Nepal, Amoghapasha Lokeshvara (6)

Undated (circa 14th century), Nepal?, Amoghapasha Lokeshvara, (gilt) metal, private collection, photo on Himalayan Art Resources  

Amoghapasha with one head and eight arms, his main right hand in the fear-allaying gesture, the next one down in the gesture of supreme generosity, the remaining right hands holding a rosary and a noose now lost. On the other side he holds a book, and a lotus, the trident and the water pot are missing.

14th-15th century, Nepal, Amoghapasha Lokeshvara, gilt bronze, private collection, photo by Sotheby’s, Chinese Art, 31st May 2018, lot 637, Hong Kong.

The eight-hand form normally includes a tridandi (a trident made of lotus stalks) in one of his left hands. On this variant, he holds a book, a lotus, a flaming jewel? (not associated with him) and a water pot in his left hands; his main attribute, the noose, is in his upper right hand, followed by a small object resembling a conch, a (missing) tridandi and a lotus bud.

14th-15th century, Nepal, Amoghapasha Lokeshvara, gilt bronze with stone inlay, private collection, photo by Christie’s, sale 17719, lot 187, Paris.

14th century, Nepal, Amoghapasha, bronze, private collection, photo by Poly Auction, sale HKM3718  lot 3890.

Nepal, Amoghapasha Lokeshvara (5)

Circa 17th century, Nepal, Amoghapasha, gilt copper, private collection, photo by Castor Hara on http://castor-hara.com

Amoghapasha in his one-head and eight-hand form, holding from top to bottom a book, a noose (pasha), a lotus bud, and a ritual water pot in his left hands, a (missing) rosary, a trident made of three lotus stalks in two of his right hands, the others held in gestures symbolising reassurance and generosity.

17th century, Nepal, Amoghapasha, gilt bronze (copper alloy), private collection, photo by Christie’s https://www.christies.com.

A simpler form with six hands, holding a trident, a noose, a water pot in his left hands, a rosary and a missing object which could be a fly whisk or a lotus in the others, the main right hand doing the fear-allaying gesture.

16th century (1554), Nepal, Amoghapasha, gilt copper alloy, private collection, photo by Bonhams https://www.bonhams.com.

Amoghapasha with attendants, kinnaras and buddha Amitabha at the top of the arch.

17th century, Nepal, Amoghapasha Lokeshvara, wood, photo by Marie-Catherine Daffos for aaoarts.com http://www.aaoarts.com/asie/enchnepal/04.html .

Apart from the popular eight-arm form, there is a one-head and 4, 6 or 12 hands, although Alice Getty mentions one with 20 hands, and also a three-head form with 2,4, 6 or 12 hands. In all cases there is a noose (pasha) in one of his hands, except in the rare one-head and two-hand form where he does a gesture specific to him. His morphology is different from Avalokiteshvara’s, of which he is generally regarded as an aspect. On the Himalayan Art Resources website, Jeff Watts explains why he considers Amoghapasha to be a separate entity https://www.himalayanart.org/search/set.cfm?setID=568, yet on the Avalokiteshvara main page he is listed as an aspect of Avalokiteshvara https://www.himalayanart.org/search/set.cfm?setID=4822.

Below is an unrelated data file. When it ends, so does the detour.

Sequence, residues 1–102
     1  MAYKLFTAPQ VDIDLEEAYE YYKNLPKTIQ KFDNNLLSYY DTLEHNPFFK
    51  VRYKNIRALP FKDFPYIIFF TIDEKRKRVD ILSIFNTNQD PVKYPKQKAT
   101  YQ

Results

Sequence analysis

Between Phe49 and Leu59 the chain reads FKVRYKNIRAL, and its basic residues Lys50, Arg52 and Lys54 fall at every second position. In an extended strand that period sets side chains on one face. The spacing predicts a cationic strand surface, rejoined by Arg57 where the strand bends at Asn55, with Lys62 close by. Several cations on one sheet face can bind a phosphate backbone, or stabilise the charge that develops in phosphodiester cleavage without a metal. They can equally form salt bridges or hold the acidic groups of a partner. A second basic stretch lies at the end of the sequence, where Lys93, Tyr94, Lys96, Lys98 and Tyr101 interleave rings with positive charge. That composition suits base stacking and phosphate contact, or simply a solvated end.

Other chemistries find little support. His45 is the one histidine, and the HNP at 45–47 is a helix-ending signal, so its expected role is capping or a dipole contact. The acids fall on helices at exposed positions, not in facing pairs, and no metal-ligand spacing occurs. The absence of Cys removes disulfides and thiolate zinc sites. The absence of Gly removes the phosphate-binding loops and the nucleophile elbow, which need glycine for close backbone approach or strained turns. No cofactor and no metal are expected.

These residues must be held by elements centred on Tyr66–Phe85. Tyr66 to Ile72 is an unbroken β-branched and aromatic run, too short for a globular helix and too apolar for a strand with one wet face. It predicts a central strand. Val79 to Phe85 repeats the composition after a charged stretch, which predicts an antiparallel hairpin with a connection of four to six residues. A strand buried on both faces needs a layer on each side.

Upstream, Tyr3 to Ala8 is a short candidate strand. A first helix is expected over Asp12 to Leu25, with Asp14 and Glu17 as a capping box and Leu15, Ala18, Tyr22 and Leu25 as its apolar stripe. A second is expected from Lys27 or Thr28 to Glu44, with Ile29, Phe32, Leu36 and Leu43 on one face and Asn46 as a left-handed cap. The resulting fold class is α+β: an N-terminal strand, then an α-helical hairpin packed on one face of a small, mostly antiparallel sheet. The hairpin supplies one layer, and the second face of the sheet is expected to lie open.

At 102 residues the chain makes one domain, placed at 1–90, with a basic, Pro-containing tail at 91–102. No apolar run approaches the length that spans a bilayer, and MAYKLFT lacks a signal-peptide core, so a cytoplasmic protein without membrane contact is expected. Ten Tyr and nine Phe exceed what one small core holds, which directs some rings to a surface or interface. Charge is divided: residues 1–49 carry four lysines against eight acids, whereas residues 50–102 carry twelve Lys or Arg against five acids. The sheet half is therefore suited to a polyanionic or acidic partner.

Nepal, Amoghapasha Lokeshvara (4)

16th century, Nepal, Amoghapasha Lokeshvara, gilt copper alloy, at the Norton Simon Museum (USA).

16th century, Nepal, Amoghapasha Lokeshvara, gilt copper alloy, at the Norton Simon Museum (USA).

Amoghapasha Lokeshvara, with one head and eight hands, his legs rather short and stiff, adorned with heavy jewellery, a sacred thread, ornate belt and sash, holds in his left hands a manuscript, a lotus flower, and a water pot, and  in one of his right hands a trident (normally on the left-hand side on the 8-arm Nepalese version), the other two doing the abhaya and the varada mudras. The noose and rosary are missing.

Same as before, at the British Museum (UK).

Same as before, at the British Museum (UK).

Here he has the book, the trident, the lotus flower and the water pot in his left hands, the (broken) rosary and the noose in two of his right hands, the others displaying the fear-allaying and supreme generosity gestures. The flat round design on his jewellery and belt is typical of the late Malla period, as are the rigid legs and squarish feet.

17th c., Nepal, Amoghapasha, gilt cop., 19,5 cm, rosary, book, noose, trident lotus, lotus, water pot, varada, abhaya, 13090 Tibet har, Sotheby's

17th century, Nepal, Amoghapasha Lokeshvara, gilt copper, private collection, photo by Sotheby’s.

On this later work, we can see how the tridandi or trident is made of lotus buds. He wears an ornate crown with a large floral motif on each panel, matching bows, earrings, necklace and armbands, a beaded sacred thread, bangles – no anklets. The pointed ends of his belt and sash are decorated with a  jewel, the palm of two of his hands is incised with a diamond, one of them with a flower inside.